I’ve been proud to support organized labor throughout my career in public service. That’s because I continue to believe strongly in the necessity of strong unions if we are to have a strong economy that helps working families get ahead. Representing more than 62,000 federal employees in Maryland’s Fifth District, I work especially closely with AFGE, NTEU, and other unions representing federal workers. I’m very proud of our work last year to win twelve weeks of paid parental leave for all federal employees for the first time in our history. That’s just the beginning, and I’m going to keep pushing for full paid family and medical leave benefits for all workers. The Democratic-led House Majority has also passed key legislation to raise wages and expand opportunity, and we will continue to deliver when it comes to the priorities of working men and women.
If we are going to succeed in growing our economy and maintaining it as the most competitive in the world – if we are going to keep the American Dream alive for workers and their families – we must have strong unions that can stand up for their members. That’s why the PRO Act is so critical and why the House must consider it. I look forward to bringing it to the Floor as Majority Leader and to casting my vote in favor of its passage. Together, we can ensure that the march for workers’ rights moves ever forward, not backward.
The intent of Labor Day, as envisioned by our forefathers, has, of course, eroded over the years.
Most see it as an opportunity to have a last trip to the beach or backyard barbeque, but in reality, the state of labor and capital today make it more important than ever to embrace the meaning of Labor Day.
Created in the late 19th century as a way to repair ties with American workers after the deadly Pullman Railway strike, Congress passed an act making Labor Day a legal holiday. The decades following saw massive parades and celebrations across the country honoring American workers. It wasn’t seen as the last weekend of summer, but instead as an opportunity to show appreciation for those who toiled and built a prosperous nation.
But now, in the 21st Century, we see fewer and smaller parades and celebrations honoring workers. Instead, we see massive retail sales and low-wage workers being exploited, working long-hours for a minimum wage that, for most, doesn’t pay enough to sustain themselves, let alone a family. We see our government attack the rights of federal employees, and the highest courts in the land strike down past laws that ensured public employees’ right to union representation. These attacks by anti-union politicians and employers are meant only to strangle and starve the very mechanisms in place to speak for workers: labor unions.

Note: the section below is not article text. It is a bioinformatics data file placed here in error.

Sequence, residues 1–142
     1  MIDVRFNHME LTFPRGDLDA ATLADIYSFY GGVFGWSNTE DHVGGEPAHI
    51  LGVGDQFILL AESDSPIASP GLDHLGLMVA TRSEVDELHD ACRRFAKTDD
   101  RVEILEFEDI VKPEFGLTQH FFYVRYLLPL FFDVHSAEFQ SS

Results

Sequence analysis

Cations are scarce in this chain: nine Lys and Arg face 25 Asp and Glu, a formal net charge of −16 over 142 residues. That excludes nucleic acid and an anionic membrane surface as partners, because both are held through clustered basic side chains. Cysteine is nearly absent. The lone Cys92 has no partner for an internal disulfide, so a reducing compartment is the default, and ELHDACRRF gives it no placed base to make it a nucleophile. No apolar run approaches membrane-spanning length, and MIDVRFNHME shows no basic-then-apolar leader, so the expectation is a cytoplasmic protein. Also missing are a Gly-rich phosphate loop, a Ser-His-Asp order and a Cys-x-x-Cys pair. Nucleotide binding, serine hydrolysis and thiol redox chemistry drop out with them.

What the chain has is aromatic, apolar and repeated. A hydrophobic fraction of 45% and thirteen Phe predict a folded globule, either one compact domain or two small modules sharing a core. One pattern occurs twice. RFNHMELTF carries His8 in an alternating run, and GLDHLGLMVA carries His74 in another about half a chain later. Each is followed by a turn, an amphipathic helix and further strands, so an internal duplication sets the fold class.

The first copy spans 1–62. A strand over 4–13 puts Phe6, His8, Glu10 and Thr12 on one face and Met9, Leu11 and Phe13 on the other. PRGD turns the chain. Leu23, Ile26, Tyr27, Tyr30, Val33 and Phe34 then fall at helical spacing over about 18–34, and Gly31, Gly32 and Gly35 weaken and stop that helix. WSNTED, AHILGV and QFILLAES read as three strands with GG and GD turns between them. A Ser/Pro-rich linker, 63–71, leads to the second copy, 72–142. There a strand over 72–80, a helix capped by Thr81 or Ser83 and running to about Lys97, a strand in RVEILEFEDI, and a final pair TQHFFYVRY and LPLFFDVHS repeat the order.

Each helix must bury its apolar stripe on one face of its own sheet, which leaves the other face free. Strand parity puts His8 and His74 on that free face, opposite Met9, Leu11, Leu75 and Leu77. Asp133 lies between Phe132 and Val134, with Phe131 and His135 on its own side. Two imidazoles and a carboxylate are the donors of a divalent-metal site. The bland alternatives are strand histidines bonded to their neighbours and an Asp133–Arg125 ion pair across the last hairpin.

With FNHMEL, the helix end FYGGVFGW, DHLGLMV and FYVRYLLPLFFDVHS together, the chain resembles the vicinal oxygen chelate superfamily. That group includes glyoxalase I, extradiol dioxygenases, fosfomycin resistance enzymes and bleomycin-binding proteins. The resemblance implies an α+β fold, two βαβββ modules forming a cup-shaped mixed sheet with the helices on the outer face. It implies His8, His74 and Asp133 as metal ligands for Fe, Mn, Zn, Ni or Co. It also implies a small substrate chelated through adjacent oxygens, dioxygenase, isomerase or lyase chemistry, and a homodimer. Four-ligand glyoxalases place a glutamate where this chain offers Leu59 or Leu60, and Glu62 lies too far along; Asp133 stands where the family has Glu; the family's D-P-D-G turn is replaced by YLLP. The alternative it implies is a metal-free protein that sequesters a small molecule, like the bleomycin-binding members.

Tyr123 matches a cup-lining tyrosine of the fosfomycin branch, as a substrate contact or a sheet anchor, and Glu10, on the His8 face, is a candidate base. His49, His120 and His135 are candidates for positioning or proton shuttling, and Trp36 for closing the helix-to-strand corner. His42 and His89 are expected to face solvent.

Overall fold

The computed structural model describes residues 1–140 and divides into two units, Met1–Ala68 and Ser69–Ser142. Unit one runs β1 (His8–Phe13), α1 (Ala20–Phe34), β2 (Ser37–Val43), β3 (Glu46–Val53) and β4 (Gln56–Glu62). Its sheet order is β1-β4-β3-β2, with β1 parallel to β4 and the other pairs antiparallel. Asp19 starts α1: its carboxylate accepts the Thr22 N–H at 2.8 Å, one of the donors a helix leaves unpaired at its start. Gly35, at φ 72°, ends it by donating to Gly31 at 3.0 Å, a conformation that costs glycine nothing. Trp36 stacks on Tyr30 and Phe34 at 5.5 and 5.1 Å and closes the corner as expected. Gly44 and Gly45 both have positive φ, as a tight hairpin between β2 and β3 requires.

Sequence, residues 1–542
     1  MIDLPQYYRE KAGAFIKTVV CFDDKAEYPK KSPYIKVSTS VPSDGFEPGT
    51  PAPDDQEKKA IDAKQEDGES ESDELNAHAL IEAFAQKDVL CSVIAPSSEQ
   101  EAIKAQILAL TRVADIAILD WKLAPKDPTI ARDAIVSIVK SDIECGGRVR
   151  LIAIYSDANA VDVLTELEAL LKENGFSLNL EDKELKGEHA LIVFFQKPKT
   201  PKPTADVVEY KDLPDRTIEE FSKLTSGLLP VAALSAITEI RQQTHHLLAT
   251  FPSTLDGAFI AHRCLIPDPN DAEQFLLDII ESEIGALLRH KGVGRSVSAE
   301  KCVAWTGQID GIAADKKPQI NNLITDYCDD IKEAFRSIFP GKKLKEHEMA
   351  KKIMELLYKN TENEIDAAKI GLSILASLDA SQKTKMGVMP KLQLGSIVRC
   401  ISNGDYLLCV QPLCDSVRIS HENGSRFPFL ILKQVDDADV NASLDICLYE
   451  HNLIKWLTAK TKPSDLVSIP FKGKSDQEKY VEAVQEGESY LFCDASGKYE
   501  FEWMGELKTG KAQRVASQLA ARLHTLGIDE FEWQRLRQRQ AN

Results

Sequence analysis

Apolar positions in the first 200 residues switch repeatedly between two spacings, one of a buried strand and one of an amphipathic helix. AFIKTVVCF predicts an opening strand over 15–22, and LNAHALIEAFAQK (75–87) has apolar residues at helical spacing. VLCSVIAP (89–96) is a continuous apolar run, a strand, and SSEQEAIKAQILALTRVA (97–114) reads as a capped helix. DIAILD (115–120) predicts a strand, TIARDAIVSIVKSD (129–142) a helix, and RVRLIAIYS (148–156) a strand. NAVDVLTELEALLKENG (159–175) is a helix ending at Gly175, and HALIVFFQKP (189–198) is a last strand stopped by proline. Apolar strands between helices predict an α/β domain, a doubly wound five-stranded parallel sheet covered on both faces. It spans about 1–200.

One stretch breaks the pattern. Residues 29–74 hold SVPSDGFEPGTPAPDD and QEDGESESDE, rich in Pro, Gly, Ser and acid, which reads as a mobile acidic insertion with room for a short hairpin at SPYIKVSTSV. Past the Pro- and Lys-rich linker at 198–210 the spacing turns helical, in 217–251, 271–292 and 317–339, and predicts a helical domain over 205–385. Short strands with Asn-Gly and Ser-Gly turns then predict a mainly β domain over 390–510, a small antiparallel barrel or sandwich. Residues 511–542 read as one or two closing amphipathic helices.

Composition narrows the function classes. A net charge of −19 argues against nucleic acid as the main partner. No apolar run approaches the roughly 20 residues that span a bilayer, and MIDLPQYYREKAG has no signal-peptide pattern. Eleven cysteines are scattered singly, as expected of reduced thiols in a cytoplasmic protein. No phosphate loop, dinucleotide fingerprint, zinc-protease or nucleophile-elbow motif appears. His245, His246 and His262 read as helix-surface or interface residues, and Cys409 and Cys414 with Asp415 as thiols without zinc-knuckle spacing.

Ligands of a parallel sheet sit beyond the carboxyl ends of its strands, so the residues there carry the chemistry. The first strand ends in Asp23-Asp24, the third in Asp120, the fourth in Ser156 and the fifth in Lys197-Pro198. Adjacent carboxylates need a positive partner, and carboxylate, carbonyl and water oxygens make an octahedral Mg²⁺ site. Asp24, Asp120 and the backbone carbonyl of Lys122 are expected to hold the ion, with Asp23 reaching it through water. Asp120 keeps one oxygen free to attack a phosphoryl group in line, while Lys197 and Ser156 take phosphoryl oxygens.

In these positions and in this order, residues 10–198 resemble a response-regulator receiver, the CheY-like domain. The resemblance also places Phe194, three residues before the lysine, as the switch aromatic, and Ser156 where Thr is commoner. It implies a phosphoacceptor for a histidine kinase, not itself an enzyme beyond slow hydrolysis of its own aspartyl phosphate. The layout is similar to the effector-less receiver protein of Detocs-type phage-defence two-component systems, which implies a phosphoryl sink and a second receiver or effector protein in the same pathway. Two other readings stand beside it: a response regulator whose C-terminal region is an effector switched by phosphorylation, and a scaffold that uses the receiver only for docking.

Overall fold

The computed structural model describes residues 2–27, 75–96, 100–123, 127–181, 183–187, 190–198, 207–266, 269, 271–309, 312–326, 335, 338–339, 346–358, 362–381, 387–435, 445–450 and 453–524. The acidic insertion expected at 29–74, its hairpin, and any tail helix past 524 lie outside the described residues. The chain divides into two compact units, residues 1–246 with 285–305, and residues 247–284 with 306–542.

So, between now and next Labor Day, let us join together to work towards electing pro-worker politicians. Let us join together to organize the unorganized. Let us join together to fight for our brothers and sisters for fair working conditions, safe workplaces, wages and benefits that lift all workers.
This Labor Day, let’s vow to work together because “Together we rise.”
The attack on federal workers continued in May when President Trump signed multiple executive orders limiting official time, making it easier to fire federal employees, and lengthening probationary periods for new employees. Each of these edicts are designed to weaken unions, federal employee compensation and civil service protections.
These, along with other moves by the Trump Administration, including imposing a contract on a union against its will, are bound to affect federal employees for the worse.
His first directive was to drastically cut “official time,” which he would like to rename as “taxpayer-funded union time.” Official time is the time allowed to union officials to represent all members of a bargaining union, whether they are a union member or not, in matters of interest to the workforce.
The American Federation of Government Employees (AFGE), the largest federal employee union, called the orders, “a direct assault on the legal rights and protections that Congress has specifically guaranteed to the two million public-sector employees across the country who work for the federal government.”
AFGE filed a lawsuit asking that the Executive Order 13837 — slashing paid union time — be struck down by a federal court.
Executive Order 13836, directs federal agencies to renegotiate their union contracts to increase management authority to “reward high performers, hold low-performers accountable, or flexibly respond to operational needs.” It also states that collective bargaining should not take more than a year.
Claiming that it takes six months to a year to remove a tenured federal employee for poor performance, and as many as eight months to exhaust any appeals, a White House spokesperson said the EO would “streamline the process.” However, union representatives say it would politicize the hiring and firing of federal employees.
Finally, Executive Order 13839 would change the longstanding federal worker job security protections currently in place. Instead, workers would be subject to what amounts to an “at-will” environment. Managers would no longer be required to use “progressive discipline” and will not be held to a consistent standard of how discipline is handled. The EO shortens the timeframe for employees subject to Performance Improvement Plans (PIPs)—which provide employees a chance to improve their job performance following a poor evaluation or reprimand—to 30 days, government-wide. It currently runs between 60 and 120 days and changes the seniority rights provision replacing it with a “manager-evaluated performance ratings system. Again, union representatives believe that this order would allow managers to promote and fire at will, rather than for cause.
The National Treasury Employees Union president, Tony Reardon said that these executive orders indicate an administration threatened by workers with rights. “The truth is that these orders will disrupt workplaces of every agency, add red tape and impede quality work that taxpayers expect and deserve.” ■